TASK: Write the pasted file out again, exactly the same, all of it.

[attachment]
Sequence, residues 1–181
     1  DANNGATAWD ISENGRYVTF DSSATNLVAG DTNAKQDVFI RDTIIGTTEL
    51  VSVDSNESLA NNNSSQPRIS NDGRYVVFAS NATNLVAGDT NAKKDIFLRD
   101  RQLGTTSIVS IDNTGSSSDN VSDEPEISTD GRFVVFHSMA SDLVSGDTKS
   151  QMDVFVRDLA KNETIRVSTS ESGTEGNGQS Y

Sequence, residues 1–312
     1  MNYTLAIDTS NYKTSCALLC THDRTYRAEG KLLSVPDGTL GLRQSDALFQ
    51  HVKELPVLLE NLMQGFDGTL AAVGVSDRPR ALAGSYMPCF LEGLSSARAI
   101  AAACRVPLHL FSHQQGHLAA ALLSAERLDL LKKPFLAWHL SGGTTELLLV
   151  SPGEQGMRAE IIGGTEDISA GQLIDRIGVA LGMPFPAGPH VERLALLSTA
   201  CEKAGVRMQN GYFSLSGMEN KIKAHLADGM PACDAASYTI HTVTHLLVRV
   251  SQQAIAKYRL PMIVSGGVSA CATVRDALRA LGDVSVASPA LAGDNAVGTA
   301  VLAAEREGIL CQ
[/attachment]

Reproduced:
Sequence, residues 1–181
     1  DANNGATAWD ISENGRYVTF DSSATNLVAG DTNAKQDVFI RDTIIGTTEL
    51  VSVDSNESLA NNNSSQPRIS NDGRYVVFAS NATNLVAGDT NAKKDIFLRD
   101  RQLGTTSIVS IDNTGSSSDN VSDEPEISTD GRFVVFHSMA SDLVSGDTKS
   151  QMDVFVRDLA KNETIRVSTS ESGTEGNGQS Y

Sequence, residues 1–312
     1  MNYTLAIDTS NYKTSCALLC THDRTYRAEG KLLSVPDGTL GLRQSDALFQ
    51  HVKELPVLLE NLMQGFDGTL AAVGVSDRPR ALAGSYMPCF LEGLSSARAI
   101  AAACRVPLHL FSHQQGHLAA ALLSAERLDL LKKPFLAWHL SGGTTELLLV
   151  SPGEQGMRAE IIGGTEDISA GQLIDRIGVA LGMPFPAGPH VERLALLSTA
   201  CEKAGVRMQN GYFSLSGMEN KIKAHLADGM PACDAASYTI HTVTHLLVRV
   251  SQQAIAKYRL PMIVSGGVSA CATVRDALRA LGDVSVASPA LAGDNAVGTA
   301  VLAAEREGIL CQ